The Historic Quayside provides elegant surroundings while offering plenty of entertainment and is just a five minutes walk from the High Street and its neighbour, the Cathedral.
With a university crowd to provide for you can expect many places around the city to eat, drink and have fun. Theatres, comedy clubs, live music venues pepper the streets and shops offer reasonable student purse prices. A great place for finding those bargains! The Phoenix Arts Centre is in particular a good place to watch out for its headlining acts, usually a “who’s who” in the entertainment world. Spacex is a brilliant contemporary art gallery, which is definitely worth checking out while in town.
However, if you do have a penchant for an ancient church, historic bridges, medieval buildings and underground passageways, look no further than the city centre. The Topsham Museum at the Exe Estuary is a must for local history with a quirky edge.
Although there is a huge presence of historical attractions in the county Devon’s natural landscape is second to none. The coasts vary from the southern English Riviera sunny pretty picture postcard scenery to the wild and brash seascape of the north of the county. Inland, choose between beautiful countryside with pretty market towns appearing every now and then to the hostility of the rugged moors. Devon is a county of opposites although a charming laid back scenario, a place of challenges and adventure.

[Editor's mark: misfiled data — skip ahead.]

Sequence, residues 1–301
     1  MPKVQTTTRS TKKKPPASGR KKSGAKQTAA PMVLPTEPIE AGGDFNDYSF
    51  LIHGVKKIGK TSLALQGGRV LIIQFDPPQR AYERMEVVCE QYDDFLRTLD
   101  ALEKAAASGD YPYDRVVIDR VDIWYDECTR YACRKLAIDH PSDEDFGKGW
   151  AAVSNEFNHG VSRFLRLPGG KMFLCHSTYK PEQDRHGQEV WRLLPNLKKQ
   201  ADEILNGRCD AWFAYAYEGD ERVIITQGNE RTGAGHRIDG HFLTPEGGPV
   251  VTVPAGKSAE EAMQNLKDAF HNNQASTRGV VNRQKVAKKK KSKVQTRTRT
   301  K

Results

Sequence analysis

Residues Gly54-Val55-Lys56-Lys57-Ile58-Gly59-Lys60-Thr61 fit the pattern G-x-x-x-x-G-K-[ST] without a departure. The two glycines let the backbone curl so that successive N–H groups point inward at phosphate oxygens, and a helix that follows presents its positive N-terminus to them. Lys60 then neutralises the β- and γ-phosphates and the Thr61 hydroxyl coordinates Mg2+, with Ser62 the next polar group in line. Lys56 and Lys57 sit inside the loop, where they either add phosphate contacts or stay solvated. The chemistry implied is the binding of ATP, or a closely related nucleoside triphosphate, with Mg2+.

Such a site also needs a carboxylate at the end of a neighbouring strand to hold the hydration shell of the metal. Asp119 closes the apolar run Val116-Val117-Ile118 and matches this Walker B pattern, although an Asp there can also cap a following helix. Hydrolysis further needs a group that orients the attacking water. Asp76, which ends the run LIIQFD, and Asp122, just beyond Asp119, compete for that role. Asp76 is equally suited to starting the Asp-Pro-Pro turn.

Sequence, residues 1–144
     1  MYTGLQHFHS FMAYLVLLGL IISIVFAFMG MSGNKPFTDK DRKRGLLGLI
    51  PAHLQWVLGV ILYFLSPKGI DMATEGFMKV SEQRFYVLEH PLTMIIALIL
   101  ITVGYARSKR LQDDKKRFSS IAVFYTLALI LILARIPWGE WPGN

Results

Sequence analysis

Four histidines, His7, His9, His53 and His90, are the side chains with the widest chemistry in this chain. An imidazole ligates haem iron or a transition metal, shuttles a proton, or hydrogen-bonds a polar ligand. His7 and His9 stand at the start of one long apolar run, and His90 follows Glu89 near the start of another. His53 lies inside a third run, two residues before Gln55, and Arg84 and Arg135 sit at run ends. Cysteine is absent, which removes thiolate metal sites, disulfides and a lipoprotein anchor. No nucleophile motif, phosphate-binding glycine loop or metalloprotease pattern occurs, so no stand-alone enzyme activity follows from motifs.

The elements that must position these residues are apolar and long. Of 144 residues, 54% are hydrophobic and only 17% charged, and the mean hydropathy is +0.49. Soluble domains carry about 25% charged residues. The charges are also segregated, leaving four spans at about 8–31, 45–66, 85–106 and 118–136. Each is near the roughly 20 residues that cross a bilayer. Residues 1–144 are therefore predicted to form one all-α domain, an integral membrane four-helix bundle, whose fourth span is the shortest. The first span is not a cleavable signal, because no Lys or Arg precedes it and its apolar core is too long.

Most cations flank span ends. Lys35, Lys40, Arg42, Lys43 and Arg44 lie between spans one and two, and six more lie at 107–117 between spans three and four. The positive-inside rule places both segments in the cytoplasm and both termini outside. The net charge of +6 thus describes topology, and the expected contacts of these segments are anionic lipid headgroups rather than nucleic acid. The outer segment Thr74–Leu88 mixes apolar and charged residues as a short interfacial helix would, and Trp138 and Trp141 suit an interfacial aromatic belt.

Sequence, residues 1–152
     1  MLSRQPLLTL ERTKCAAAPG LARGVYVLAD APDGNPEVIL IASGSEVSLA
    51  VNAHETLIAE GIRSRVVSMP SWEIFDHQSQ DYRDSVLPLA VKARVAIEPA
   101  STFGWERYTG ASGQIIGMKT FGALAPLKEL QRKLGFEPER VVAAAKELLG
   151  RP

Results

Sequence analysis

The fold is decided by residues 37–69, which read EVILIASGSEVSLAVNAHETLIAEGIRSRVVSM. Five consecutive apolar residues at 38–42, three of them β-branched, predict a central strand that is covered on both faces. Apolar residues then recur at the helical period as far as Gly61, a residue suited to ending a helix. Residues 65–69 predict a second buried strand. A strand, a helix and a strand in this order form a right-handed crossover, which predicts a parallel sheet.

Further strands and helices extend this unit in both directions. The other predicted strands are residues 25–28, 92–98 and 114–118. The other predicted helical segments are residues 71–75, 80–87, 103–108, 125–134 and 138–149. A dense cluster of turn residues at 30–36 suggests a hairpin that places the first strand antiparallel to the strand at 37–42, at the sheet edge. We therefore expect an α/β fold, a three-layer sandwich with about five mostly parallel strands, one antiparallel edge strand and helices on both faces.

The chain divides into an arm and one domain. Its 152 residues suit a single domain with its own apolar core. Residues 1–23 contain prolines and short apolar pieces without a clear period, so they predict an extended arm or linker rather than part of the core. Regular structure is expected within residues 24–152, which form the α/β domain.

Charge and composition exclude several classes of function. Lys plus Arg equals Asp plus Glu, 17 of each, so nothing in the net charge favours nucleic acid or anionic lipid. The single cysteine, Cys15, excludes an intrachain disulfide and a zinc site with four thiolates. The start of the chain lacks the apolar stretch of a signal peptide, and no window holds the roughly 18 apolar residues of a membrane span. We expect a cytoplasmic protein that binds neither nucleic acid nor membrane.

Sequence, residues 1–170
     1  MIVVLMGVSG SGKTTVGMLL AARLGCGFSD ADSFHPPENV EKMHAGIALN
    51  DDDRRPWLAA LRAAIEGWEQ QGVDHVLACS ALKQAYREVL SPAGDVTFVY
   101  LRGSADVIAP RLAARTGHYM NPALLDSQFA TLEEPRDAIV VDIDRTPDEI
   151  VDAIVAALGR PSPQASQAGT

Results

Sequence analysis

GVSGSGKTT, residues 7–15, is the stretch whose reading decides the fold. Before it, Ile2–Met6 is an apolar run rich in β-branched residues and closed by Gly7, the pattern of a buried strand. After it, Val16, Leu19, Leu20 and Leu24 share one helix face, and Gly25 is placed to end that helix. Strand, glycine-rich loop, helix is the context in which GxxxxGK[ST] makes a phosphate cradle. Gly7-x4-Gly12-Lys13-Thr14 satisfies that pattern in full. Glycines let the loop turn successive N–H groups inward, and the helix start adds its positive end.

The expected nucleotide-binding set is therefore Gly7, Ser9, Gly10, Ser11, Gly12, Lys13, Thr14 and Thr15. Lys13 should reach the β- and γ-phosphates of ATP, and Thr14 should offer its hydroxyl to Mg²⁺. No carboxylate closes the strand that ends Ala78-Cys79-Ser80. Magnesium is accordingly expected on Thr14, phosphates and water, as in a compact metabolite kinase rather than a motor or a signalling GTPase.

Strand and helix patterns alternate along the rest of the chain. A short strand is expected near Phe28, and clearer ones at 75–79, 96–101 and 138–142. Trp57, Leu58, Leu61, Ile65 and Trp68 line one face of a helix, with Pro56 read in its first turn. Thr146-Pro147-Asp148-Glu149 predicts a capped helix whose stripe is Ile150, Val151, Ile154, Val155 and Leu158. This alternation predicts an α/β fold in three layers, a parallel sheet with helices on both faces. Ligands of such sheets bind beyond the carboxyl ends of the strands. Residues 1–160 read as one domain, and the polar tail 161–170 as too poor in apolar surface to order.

A popular attraction in the county of Devon is that haven of all things nautical is the city of Plymouth. Home of the Mayflower and situated on the southern shores of Devon Plymouth offers really excellent water sports facilities as well as tons of maritime heritage.
National Trust attractions include the magnificent Lydford Gorge, dramatic Buckland Abbey, the island of Lundy, Teign Gorge’s Castle Drogo (the last castle ever to be built in the country) all fairly near to Exeter.
Typical of the general stereotype of England’s cider producing county, Devon offers delightful villages complete with thatched cottages to substantiate all our images. While in Devon, if you manage to tear yourself away from the main seaside towns, treat yourself to a tour around places like Ivybridge, Salcombe, Kingsbridge and Totnes making up the South Hams district of South Devon. This region is particularly popular as it enjoys long summers and mild winters because of its hiding place from the harsh Atlantic.
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Exeter International Airport
is approximately 10 kilometres outside of the city centre.
The closest coach and train station to the airport is Exeter St Davids about 9 kilometres from the airport. The rail service offers a comprehensive package of trains running across the length and breadth of Britain for Exeter. Trains run from London, Penzance, Birmingham, Glasgow and many more. Central Exeter station receives trains from London Waterloo and is just five miles away from the airport.
There is an airport taxi bus that operates to and from Exeter St David’s railway station working on demand. The fare costs £5 (7 euros) per person with a minimum of three passengers per journey.
If driving to the airport take the M5 junction 29 onto A30 B3184 following sign posts for airport.